This Handbook links the growing body of media and conflict research with the field of security studies. The academic sub-field of media and conflict has developed and expanded greatly over the past two decades. Operating across a diverse range of academic disciplines, academics are studying the impact the media has on governments pursuing war, responses to humanitarian crises and violent political struggles, and the role of the media as a facilitator of, and a threat to, both peace building and conflict prevention. This handbook seeks to consolidate existing knowledge by linking the body of conflict and media studies with work in security studies. The handbook is arranged into five parts: Theory and Principles. Media, the State and War Media and Human Security Media and Policymaking within the Security State New Issues in Security and Conflict and Future Directions For scholars of security studies, this handbook will provide a key point of reference for state of the art scholarship concerning the media-security nexus; for scholars of communication and media studies, the handbook will provide a comprehensive mapping of the media-conflict field.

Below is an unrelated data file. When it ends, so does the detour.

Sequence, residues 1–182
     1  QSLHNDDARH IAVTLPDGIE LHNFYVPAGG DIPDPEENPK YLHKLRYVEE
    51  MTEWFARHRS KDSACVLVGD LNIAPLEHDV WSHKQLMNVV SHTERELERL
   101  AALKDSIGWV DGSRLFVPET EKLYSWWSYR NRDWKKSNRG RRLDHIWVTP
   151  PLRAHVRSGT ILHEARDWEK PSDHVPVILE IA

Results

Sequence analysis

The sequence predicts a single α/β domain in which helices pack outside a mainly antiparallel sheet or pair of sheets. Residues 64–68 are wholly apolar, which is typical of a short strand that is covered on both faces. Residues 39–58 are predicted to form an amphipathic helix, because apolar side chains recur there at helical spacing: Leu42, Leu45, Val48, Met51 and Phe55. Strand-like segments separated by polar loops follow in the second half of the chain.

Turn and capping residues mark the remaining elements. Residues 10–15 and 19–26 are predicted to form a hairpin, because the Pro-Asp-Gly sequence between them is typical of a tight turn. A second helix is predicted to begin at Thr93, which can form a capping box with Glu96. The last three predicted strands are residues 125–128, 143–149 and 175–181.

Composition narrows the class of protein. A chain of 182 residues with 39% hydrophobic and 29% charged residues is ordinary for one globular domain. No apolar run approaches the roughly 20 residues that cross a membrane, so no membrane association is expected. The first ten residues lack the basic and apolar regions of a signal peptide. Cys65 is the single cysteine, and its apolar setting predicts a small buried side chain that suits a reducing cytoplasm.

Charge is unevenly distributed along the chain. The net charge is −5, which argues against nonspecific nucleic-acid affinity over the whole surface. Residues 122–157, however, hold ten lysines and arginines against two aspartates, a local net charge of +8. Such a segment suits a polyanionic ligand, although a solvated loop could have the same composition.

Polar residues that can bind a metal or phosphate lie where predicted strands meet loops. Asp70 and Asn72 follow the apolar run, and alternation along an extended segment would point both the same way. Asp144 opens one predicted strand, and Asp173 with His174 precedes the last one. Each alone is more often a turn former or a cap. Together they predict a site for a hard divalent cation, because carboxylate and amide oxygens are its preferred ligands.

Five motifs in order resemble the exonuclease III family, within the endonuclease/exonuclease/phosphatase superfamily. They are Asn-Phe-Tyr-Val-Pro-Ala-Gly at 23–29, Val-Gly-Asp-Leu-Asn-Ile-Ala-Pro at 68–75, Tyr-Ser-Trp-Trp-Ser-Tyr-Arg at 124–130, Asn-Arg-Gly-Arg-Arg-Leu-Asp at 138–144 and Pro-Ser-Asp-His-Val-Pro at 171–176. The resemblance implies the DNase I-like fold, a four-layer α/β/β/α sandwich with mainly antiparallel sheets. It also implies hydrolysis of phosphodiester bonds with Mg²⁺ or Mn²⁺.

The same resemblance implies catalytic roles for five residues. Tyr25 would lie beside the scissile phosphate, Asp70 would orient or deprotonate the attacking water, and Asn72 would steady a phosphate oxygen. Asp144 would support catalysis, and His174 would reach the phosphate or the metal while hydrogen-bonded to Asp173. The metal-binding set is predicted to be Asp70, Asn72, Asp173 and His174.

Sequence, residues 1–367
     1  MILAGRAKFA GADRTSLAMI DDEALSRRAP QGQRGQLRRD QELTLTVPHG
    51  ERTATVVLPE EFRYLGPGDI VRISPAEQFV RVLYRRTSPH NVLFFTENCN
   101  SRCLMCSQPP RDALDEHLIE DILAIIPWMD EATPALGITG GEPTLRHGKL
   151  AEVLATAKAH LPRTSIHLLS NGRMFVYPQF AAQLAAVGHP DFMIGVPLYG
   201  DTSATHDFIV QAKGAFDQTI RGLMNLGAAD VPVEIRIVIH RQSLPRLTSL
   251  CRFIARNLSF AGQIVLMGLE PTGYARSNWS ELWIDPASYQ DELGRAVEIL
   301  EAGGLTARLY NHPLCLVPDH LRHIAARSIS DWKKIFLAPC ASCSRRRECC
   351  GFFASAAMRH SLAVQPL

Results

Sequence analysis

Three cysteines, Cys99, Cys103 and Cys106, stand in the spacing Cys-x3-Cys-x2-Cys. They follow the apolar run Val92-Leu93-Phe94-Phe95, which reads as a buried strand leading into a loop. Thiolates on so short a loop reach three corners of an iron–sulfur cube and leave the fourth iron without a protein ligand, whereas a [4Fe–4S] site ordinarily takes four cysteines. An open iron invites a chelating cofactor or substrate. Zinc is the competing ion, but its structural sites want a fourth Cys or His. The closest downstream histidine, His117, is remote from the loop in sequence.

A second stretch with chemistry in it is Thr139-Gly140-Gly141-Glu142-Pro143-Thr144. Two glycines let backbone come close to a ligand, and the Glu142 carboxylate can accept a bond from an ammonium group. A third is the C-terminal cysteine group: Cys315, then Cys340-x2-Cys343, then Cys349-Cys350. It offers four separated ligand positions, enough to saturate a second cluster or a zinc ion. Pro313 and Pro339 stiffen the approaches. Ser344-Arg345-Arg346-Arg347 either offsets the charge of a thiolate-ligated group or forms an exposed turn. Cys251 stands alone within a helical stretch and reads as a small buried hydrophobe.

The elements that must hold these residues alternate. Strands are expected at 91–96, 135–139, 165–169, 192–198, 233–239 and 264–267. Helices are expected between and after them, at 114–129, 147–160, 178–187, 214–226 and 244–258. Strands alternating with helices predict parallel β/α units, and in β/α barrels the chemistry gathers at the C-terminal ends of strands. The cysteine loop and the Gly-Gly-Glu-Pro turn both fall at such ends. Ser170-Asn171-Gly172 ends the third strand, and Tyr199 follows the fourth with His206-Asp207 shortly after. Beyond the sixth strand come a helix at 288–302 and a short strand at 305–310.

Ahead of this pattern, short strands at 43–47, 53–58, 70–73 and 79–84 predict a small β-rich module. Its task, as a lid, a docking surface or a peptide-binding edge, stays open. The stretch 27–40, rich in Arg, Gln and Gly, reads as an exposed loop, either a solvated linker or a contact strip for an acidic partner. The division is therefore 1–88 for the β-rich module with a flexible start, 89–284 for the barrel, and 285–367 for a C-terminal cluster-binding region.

Africa’s international relations have often been defined and oriented by the dominant international and geopolitical agendas of the day. In the aftermath of colonialism the Cold War became a dominant paradigm that defined the nature of the continent’s relationship with the rest of the world. The contemporary forces of globalization are now exerting an undue influence and impact upon Africa’s international relations. Increasingly, the African continent is emerging as a vocal, and in some respects an influential, actor in international relations. There is a paucity of analysis and research on this emerging trend. This timely book proposes to fill this analytical gap by engaging with a wide range of issues, with chapters written by experts on a variety of themes. The emerging political prominence of the African continent on the world stage is predicated on an evolving internal process of continental integration. In particular, there are normative and policy efforts to revive the spirit of Pan-Africanism: the 21st century is witnessing the evolution of Pan-Africanism, notably through the constitution and establishment of the African Union (AU). Given the fact that there is a dearth of analysis on this phenomemon, this volume will also interrogate the notion of Pan-Africanism through various lenses – notably peace and security, development, the environment and trade. The volume will also engage with the emerging role of the AU as an international actor, e.g. with regard to its role in the reform of the United Nations Security Council, climate change, the International Criminal Court (ICC), the treaty establishing Africa as a nuclear-free zone, Internally Displaced Persons, the Millennium Development Goals (MDGs), international trade, the environment, public health issues, security, and development issues. This book will assess how the AU’s role as an international actor is complicated by the difficulty of promoting consensus among African states and then maintaining that consensus in the face of often divergent national interests. This book will in part assess the role of the AU in articulating collective and joint policies and in making interventions in international decision and policy-making circles. The Handbook will also assess the role of African social movements and their relationship with global actors. The role of African citizens in ameliorating their own conditions is often underplayed in the international relations discourse, and this volume will seek to redress this oversight. Throughout the book the various chapters will also assess the role that these citizen linkages have contributed towards continental integration and in confronting the challenges of globalization.